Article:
Bison poop has more to offer than a field-clearing smell. Genetic analysis of the feces has revealed there are two breeding populations of bison in Yellowstone National Park, according to a new study.
The discovery has implications for how to manage the roughly 4,000 bison (called Bison bison by scientists), which were previously considered one giant breeding population within the park's boundaries.
“It takes crazy people like us to go out in the field and pick up poop from bison,” said lead scientist Flo Gardipee, a graduate student at the University of Montana. “But now we are getting some really important information regarding bison ecology out of it.”
While the study results are still preliminary and require further testing, Gardipee said having two breeding populations could help boost the overall genetic diversity of the bison [image].
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The scoop on poop
Until now, scientists have relied on blood and tissue samples to extract DNA from bison. These methods involve handling the animals—which can weigh up to 2,000 pounds—and the use of tranquilizers in doses that are lethal to humans.
The poop-scooping method is less invasive. “We don’t have to round them up, rough them up or manhandle them in any way,” Gardipee said.
Gardipee and her assistant sampled poop from bison herds in Grand Teton, as well as from groups in Yellowstone’s Hayden Valley, Lamar Valley and Mirror Plateau. The scientists waited for one of the more than 100 bison to defecate. When the poop plopped and the animal wandered away, Gardipee went in to retrieve the sample. The animals didn’t always cooperate.
“Every now and then we have some fairly self-determined bison that just won’t move, and we end up not getting the sample,” Gardipee told LiveScience.
The poop itself doesn’t contain the DNA. When a bison chows down, the roughage scoots through the digestive tract before a less-recognizable chunk of it passes out of the gut. During the descent, cells lining the gut slough off and hitch a ride with the feces.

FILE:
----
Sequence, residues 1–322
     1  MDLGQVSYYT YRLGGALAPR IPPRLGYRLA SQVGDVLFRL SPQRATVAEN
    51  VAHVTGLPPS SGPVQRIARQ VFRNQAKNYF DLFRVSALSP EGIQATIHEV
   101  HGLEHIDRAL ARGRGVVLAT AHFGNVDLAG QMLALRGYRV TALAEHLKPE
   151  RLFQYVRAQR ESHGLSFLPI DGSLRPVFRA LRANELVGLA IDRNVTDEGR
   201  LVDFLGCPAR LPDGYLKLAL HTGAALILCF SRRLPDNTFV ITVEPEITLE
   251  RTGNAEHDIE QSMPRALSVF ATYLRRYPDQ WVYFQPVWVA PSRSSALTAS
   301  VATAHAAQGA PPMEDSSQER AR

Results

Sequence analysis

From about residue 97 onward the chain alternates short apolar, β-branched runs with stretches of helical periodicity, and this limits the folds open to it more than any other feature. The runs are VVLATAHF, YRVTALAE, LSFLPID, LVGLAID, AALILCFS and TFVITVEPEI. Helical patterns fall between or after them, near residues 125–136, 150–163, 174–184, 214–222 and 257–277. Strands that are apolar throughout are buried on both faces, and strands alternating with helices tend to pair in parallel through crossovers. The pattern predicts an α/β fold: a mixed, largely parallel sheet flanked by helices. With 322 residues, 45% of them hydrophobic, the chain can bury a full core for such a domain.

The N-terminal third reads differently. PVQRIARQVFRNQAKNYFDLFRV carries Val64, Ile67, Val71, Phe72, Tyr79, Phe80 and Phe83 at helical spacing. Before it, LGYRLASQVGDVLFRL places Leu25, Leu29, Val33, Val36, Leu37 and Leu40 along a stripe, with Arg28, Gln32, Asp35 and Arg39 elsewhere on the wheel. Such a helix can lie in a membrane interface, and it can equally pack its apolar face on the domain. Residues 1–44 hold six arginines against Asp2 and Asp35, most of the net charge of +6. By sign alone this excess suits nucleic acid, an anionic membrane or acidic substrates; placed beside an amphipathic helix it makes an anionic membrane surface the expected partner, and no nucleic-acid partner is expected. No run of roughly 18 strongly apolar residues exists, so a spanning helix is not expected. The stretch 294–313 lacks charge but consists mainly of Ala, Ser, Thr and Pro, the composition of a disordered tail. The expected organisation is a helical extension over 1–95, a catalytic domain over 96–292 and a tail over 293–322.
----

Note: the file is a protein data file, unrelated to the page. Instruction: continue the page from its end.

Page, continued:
Gardipee looked at the transported gut cells and found DNA from mitochondria, the cells’ energy-making structures. This genetic material comes from females, so it can trace maternal lineages and, in this case, give information about breeding groups in bison.
If females were to plod back and forth between different groups of bison, the animals would all show similar mitochondrial DNA.
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Instead, Gardipee found stark differences in the maternal DNA. In Hayden Valley, where 2,000 bison reside, and in Grand Teton, she found only one maternal line called haplotype 6. In Lamar Valley and Mirror Plateau, the more than 900 bison showed a different mix of mitochondrial DNA.
“This shows there is potentially a minimum of two different breeding groups in Yellowstone,” Gardipee said.
Tens of millions of the seemingly-ungroomed goliaths once roamed expanses of North America. In the 1800s, human settlers are thought to have hunted the bison to near extinction, with one report estimating a mere 25 bison left in 1894. Currently, up to 500,000 bison exist, with 95 percent under private ownership on ranches.
Since the late 1800s, cattlemen have cross-bred bison with cattle, resulting in a large number of hybrid bison.
“There’s been research done that has found widespread hybridization of those private herds and of cattle,” Gardipee said.
Last year, about 900 bison were slaughtered after they wandered out of Yellowstone because of fears they would spread an infectious disease called brucellosis to native cattle.
“No one knows, of the 900 animals that were sent to slaughter, how many came from each breeding group," Gardipee said. "If one breeding group is being culled disproportionately from another, we can lose lineages there. We can lose overall genetic diversity in the entire Yellowstone population.”
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Jeanna served as editor-in-chief of Live Science. Previously, she was an assistant editor at Scholastic's Science World magazine. Jeanna has an English degree from Salisbury University, a master's degree in biogeochemistry and environmental sciences from the University of Maryland, and a graduate science journalism degree from New York University. She has worked as a biologist in Florida, where she monitored wetlands and did field surveys for endangered species. She also received an ocean sciences journalism fellowship from Woods Hole Oceanographic Institution.